Kimberly-Clark Corporation is an American multinational personal care corporation that produces mostly paper-based consumer products. The company manufactures sanitary paper products and surgical & medical instruments. Kimberly-Clark brand name products include Kleenex facial tissue, Kotex feminine hygiene products, Cottonelle, Scott and Andrex toilet paper, Wypall utility wipes, KimWipes scientific cleaning wipes and Huggies disposable diapers and baby wipes.
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S&P 500 Component
Neenah, Wisconsin, U.S.
|Headquarters||Irving, Texas, U.S. (since 1985)|
|Revenue||US$19.1 billion (2020)|
|US$3.208 billion (2020)|
|US$2.352 billion (2020)|
|Total assets||US$17.523 billion (2020)|
|Total equity||US$626 million (2020)|
Number of employees
|~40,000 (March 2020)|
Founded in Neenah, Wisconsin, in 1872 and based in the Las Colinas section of Irving, Texas since 1985, the company operated its own paper mills around the world for decades, but closed the last of those in 2012. With recent annual revenues topping $18 billion per year, Kimberly-Clark is regularly listed among the Fortune 500.
This section possibly contains original research. (September 2011)
Kimberly, Clark and Co. was founded in 1872 by John A. Kimberly, Havilah Babcock, Charles B. Clark and Franklyn C. Shattuck in Neenah, Wisconsin, with $42,000 (equivalent to US$907,317 in 2020) of capital. The group's first business was operating paper mills, which the collective expanded throughout the following decades. In 1888, the fledgling company faced a significant setback when its groundwood "Atlas" paper mill burned. Through an extensive effort by labor and management, within five months the mill was rebuilt and in production at a greater capacity. In that same year the company began rapid expansion, purchasing land in a town then known as The Cedars for a new groundwood pulp plant designed by prominent paper mill architects D. H. & A. B. Tower. In 1889, the town was renamed Kimberly after John A. Kimberly. The company would also contract the firm to expand its vast sulphite pulp complex in Appleton, Wisconsin, which allowed it to become the first firm west of Pennsylvania to adopt this improved manufacturing process. The company developed cellu-cotton in 1914, a cotton substitute used by the U.S. Army as surgical cotton during World War I. Army nurses used cellu-cotton pads as disposable sanitary napkins, and six years later the company introduced Kotex, the first disposable feminine hygiene product. Kleenex, a disposable handkerchief, followed in 1924. Kimberly & Clark joined with The New York Times Company in 1926 to build a newsprint mill in Kapuskasing, Ontario, Canada. Two years later, the company went public as Kimberly-Clark.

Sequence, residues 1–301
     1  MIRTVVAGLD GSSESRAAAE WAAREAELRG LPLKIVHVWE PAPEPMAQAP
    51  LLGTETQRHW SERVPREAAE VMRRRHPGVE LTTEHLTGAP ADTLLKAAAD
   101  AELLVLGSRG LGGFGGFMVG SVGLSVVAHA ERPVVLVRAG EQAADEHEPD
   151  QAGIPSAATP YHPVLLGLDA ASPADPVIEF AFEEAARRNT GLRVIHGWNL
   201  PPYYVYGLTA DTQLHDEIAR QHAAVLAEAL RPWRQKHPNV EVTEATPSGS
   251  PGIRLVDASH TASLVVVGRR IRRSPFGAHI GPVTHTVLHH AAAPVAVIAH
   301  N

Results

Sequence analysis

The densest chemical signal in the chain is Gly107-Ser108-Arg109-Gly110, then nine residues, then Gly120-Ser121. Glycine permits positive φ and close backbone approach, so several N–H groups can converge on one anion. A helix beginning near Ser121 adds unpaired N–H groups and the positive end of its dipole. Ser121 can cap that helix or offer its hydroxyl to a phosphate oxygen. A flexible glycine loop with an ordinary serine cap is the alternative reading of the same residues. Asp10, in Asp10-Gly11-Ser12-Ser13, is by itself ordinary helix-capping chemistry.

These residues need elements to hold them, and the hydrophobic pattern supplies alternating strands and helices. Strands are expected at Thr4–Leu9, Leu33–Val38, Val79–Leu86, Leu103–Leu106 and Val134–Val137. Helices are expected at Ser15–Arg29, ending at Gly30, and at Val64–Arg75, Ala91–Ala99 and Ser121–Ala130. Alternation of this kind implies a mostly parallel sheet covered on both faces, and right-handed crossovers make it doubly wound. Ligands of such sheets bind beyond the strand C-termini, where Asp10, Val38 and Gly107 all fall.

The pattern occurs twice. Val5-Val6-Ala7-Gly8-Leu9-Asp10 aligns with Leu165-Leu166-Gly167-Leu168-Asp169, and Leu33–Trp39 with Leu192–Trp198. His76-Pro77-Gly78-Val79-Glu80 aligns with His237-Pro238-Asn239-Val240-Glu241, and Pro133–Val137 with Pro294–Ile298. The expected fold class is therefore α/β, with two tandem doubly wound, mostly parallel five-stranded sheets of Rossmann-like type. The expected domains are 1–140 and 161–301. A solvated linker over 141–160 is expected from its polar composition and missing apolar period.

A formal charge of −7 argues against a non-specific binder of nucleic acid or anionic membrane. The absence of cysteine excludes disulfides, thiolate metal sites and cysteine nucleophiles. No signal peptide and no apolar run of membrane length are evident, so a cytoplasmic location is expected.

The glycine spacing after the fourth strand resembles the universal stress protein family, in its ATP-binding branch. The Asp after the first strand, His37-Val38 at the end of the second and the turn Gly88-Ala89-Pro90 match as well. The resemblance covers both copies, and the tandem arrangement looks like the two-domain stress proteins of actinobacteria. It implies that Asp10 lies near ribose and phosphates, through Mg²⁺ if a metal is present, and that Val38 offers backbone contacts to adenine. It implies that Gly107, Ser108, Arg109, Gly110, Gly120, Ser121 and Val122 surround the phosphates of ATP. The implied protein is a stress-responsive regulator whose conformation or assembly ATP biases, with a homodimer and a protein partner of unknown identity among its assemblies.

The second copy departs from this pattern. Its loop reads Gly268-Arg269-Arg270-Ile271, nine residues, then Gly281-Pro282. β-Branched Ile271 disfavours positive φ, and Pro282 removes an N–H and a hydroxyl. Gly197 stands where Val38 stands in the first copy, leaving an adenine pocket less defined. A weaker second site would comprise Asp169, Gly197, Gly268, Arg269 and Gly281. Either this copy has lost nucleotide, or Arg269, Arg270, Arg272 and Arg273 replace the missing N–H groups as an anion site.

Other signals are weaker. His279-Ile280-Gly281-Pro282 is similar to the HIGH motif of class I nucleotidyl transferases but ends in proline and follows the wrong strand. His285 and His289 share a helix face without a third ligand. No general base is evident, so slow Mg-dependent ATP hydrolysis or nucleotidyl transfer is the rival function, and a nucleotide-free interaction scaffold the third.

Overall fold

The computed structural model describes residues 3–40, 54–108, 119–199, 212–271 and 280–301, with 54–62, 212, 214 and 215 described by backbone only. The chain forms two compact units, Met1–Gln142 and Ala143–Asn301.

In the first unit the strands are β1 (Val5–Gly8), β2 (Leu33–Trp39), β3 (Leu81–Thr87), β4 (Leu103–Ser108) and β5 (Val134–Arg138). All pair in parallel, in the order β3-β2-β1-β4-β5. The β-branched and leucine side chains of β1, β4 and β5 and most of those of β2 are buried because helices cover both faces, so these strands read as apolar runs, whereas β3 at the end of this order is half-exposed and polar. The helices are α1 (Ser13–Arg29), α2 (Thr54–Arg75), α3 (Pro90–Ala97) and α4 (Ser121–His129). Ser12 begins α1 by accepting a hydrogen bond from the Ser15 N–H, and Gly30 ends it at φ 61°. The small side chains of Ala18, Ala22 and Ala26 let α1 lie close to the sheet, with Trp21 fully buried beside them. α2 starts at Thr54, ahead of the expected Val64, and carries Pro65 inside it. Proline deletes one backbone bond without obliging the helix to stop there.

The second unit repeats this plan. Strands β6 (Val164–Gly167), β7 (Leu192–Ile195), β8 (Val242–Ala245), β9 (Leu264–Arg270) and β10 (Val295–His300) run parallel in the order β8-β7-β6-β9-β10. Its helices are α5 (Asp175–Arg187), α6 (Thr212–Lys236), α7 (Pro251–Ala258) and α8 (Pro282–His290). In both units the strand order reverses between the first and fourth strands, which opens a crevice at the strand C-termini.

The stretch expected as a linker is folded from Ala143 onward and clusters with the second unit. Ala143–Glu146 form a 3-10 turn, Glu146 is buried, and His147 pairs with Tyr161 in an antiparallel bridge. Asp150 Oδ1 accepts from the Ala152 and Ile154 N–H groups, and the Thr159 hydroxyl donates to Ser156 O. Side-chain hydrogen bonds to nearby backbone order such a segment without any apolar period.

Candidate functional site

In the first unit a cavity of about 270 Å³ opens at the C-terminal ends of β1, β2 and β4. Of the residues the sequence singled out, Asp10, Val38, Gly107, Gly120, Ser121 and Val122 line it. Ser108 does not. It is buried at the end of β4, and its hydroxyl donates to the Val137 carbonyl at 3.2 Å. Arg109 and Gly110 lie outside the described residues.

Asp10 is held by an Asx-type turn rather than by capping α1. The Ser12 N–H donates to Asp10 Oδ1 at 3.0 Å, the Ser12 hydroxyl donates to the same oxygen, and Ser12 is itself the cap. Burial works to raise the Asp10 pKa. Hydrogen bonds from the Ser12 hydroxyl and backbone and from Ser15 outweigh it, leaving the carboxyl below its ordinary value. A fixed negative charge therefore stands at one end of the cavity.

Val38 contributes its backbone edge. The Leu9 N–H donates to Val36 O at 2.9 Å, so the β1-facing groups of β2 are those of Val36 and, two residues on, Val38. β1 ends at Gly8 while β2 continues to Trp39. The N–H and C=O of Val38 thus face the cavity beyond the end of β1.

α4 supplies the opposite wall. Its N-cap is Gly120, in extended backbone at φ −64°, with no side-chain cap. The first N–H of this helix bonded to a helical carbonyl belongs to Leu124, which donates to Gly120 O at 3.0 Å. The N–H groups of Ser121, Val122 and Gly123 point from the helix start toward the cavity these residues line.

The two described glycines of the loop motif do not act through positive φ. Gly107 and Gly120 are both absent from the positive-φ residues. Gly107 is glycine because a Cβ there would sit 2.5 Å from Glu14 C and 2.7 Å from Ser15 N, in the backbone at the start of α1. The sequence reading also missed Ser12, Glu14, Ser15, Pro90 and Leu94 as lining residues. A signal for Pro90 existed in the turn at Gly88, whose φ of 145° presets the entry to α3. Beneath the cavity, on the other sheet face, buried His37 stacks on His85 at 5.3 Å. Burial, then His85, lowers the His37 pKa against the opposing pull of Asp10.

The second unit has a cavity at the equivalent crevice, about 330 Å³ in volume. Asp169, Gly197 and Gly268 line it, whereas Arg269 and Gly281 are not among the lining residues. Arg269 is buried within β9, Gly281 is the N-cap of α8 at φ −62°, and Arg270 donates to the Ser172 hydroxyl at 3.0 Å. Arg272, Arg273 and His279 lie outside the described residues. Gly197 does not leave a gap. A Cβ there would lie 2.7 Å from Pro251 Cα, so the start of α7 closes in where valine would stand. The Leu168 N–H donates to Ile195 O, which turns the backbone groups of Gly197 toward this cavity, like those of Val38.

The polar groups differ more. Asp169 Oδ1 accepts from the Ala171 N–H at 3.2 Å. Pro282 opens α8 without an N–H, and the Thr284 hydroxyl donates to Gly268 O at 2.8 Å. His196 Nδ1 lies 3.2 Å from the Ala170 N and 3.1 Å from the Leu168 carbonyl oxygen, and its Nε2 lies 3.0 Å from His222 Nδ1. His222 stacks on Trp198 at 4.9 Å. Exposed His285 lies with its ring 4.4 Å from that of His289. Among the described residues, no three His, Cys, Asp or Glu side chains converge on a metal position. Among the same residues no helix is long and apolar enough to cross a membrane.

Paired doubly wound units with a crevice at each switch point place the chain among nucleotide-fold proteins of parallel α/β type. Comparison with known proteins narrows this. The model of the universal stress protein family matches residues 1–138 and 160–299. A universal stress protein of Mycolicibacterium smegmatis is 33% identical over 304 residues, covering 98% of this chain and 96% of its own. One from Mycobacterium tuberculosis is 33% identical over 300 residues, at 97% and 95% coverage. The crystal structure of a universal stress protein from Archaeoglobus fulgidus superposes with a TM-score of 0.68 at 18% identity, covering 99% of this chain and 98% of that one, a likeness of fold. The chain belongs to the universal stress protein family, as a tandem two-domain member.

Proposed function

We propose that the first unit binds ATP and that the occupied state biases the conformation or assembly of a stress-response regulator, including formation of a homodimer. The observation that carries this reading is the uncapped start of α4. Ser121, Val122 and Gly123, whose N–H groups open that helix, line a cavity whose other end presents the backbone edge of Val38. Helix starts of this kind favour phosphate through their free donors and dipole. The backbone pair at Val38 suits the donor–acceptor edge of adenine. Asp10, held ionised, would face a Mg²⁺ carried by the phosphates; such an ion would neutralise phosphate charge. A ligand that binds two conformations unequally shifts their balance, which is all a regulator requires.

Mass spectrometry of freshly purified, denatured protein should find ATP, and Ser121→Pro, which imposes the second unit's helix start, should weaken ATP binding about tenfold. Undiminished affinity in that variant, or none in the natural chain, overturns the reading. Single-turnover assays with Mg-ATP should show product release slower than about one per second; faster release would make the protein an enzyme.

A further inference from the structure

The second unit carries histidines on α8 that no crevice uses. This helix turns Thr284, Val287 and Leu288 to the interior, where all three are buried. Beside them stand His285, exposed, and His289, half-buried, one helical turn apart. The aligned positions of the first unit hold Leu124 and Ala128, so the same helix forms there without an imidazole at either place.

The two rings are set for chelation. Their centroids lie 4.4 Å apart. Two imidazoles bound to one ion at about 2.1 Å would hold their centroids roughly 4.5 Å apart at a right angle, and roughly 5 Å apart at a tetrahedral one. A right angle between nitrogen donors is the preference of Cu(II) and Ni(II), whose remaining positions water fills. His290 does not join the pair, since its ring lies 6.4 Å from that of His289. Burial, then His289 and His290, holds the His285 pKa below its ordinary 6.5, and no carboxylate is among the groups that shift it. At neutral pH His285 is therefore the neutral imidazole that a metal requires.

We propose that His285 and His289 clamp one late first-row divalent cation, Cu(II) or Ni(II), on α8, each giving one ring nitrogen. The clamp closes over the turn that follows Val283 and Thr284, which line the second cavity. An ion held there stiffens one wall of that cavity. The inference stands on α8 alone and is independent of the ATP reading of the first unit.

The firm expanded internationally during the 1950s, opening plants in Mexico, West Germany and the United Kingdom. It began operations in 17 more foreign locations in the 1960s. The company formed Midwest Express Airlines from its corporate flight department in 1984. Kimberly-Clark's headquarters moved from Neenah, Wisconsin to Irving, Texas the following year, although its products are still produced in Neenah. Under the leadership of Darwin Smith as CEO from 1971 to 1991, the company was transformed from a business paper company to a consumer paper products company.
In 1991, Kimberly-Clark and The New York Times Company sold their jointly owned paper mill in Kapuskasing, Ontario. Kimberly-Clark entered a joint venture with Buenos Aires-based Descartables Argentinos S.A. to produce personal care products in Argentina in 1994 and also bought the feminine hygiene unit of VP-Schickedanz (Germany) for $123 million and a 90% stake in Handan Comfort and Beauty Group (China).